The Chicago Cubs and Colorado Rockies are possible suitors, but other teams could be in the mix. And while Avila’s hardly the only option on the market — Jonathan Lucroy (Rangers), A.J. Ellis (Marlins), Nick Hundley (Giants), Kurt Suzuki (Braves) could be moved — he knows there’s a good chance he’ll finish this season somewhere other than Detroit.
“I’m not gonna lie,” Avila said. “I have thought about it, as far as getting traded. But there’s really nothing you can do as a player, when your name is being circulated through the industry like that. You just try to stay up to date but still come to work and be prepared to do your job — that’s really all you can control. And whether it happens or not, you deal with it when the time comes.”
More deals are coming for the Tigers, we know that. And more tearful goodbyes, perhaps. Al Avila couldn’t hide his emotions when he announced the Martinez trade early last week in Kansas City.
As a youngster, Martinez played for Avila’s brother, Ralph, on a Little League team that also included Al’s nephew. He went on to play high school baseball almost literally in Avila’s backyard in Pembroke Pines, Florida, and later on the same college team as Avila’s youngest son, Alan. And it was that history that played a role in the Tigers deciding to take a flier on Martinez after the Astros released him in spring training a few years ago.
So when the GM described the deal with the Diamondbacks as “a very difficult situation for me” it wasn’t simply because he was effectively waving the white flag on this Tigers season.
“I’ve known J.D. since he was a kid — he’s almost like my son,” Avila said. “Some of these guys, it’s very difficult for me to even talk about.”
It’s not easy for the players, either. And it’s palpable now in the Tigers’ clubhouse — the restlessness and the resignation — after months of trade rumors and another 100 games of sub-.500 baseball. But who’s going? And where?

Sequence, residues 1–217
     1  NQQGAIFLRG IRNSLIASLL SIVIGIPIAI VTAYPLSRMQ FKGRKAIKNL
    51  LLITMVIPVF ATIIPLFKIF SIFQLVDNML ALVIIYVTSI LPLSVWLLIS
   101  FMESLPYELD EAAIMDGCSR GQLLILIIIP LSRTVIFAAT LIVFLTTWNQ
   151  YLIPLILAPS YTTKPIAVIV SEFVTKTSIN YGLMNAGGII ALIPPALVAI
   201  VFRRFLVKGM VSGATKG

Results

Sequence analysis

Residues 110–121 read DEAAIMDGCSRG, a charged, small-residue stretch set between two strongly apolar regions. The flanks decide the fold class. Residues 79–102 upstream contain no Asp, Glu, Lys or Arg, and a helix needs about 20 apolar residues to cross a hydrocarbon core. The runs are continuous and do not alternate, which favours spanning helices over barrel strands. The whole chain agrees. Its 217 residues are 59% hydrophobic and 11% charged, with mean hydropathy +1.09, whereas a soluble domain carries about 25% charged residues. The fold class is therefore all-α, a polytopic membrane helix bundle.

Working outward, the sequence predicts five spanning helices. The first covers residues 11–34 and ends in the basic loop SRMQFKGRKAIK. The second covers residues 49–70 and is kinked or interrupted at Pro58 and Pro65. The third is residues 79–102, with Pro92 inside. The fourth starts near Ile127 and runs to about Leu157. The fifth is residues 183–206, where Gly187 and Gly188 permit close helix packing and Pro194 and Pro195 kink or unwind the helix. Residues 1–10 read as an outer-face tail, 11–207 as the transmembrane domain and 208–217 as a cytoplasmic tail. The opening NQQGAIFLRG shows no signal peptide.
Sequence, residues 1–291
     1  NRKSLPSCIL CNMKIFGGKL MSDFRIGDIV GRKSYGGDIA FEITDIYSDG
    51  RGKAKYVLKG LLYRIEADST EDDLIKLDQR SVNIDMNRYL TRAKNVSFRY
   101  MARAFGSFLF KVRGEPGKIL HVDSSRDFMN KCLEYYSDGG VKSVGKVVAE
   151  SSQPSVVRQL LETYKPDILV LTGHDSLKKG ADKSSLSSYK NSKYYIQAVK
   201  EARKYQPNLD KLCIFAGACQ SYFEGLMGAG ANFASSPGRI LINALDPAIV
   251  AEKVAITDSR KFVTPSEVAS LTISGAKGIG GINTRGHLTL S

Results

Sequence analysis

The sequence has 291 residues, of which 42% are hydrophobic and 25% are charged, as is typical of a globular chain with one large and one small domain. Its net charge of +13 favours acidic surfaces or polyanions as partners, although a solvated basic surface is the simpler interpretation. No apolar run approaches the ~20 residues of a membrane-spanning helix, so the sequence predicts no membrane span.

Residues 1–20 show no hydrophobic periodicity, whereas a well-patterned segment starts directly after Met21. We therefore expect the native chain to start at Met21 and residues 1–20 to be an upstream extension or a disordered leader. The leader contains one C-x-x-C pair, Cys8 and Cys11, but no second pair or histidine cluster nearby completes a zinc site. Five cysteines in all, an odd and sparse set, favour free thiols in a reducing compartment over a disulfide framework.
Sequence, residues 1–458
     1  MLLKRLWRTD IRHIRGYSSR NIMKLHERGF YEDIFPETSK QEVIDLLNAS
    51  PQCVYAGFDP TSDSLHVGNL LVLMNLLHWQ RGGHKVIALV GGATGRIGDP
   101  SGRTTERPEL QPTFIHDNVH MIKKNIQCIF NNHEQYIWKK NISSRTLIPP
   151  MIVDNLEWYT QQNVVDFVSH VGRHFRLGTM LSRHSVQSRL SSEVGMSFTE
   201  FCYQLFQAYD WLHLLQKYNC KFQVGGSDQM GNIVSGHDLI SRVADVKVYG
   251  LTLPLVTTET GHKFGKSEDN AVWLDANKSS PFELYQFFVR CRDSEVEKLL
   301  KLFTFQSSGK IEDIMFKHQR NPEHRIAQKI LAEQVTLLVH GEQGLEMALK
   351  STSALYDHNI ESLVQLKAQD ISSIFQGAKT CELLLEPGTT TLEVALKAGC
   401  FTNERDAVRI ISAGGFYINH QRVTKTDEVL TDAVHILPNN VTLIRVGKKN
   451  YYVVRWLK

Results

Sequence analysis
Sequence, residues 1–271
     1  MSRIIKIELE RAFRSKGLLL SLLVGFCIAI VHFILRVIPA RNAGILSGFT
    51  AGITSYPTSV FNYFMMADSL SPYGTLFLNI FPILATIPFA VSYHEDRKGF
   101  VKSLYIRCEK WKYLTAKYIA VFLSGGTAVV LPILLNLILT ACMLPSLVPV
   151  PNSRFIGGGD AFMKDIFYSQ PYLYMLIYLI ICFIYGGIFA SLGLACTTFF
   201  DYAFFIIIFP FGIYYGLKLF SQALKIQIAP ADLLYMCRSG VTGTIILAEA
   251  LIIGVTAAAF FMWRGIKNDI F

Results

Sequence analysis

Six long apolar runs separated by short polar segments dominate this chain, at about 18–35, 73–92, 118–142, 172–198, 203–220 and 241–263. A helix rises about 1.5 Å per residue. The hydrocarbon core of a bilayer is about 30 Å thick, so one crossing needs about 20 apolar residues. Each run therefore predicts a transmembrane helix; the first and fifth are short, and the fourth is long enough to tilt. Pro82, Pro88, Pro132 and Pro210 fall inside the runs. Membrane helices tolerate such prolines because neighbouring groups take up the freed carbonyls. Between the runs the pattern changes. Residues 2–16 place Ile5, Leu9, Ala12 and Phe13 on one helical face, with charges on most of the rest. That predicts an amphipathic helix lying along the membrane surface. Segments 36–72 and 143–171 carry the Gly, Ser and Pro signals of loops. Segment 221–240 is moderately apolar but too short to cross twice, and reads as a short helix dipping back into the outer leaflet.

“You tend to get a little anxious, just waiting on whether it does or doesn’t happen,” Alex Avila said. “But there’s nothing you can do. You kind of wish that the rumors and the speculation and just the stuff that’s kind of thrown out there (wouldn’t) happen, because it does involve our lives, and more people than just ourselves.
“But that’s part of the sport. As players, we have to understand, too: It’s our livelihood, yes, but people are watching and in tune and are invested in it, so it’s kind of theirs as well. You just have to understand that.”
Maybe that’s easier to say, given his own status. Not as the GM’s son, mind you. But as pending free agent for the third time in his career. It’s not hard to envision a scenario where he gets traded to a contender, gets a shot at an elusive World Series ring, and then returns to Detroit as a free agent again this offseason.
Yet for now, he insists, “I’m not really worried about it.” Because whether he gets traded or not, “I’m still gonna get to play baseball.” And even if he’s working for a new boss, the more important relationship — the one with his father — won’t change.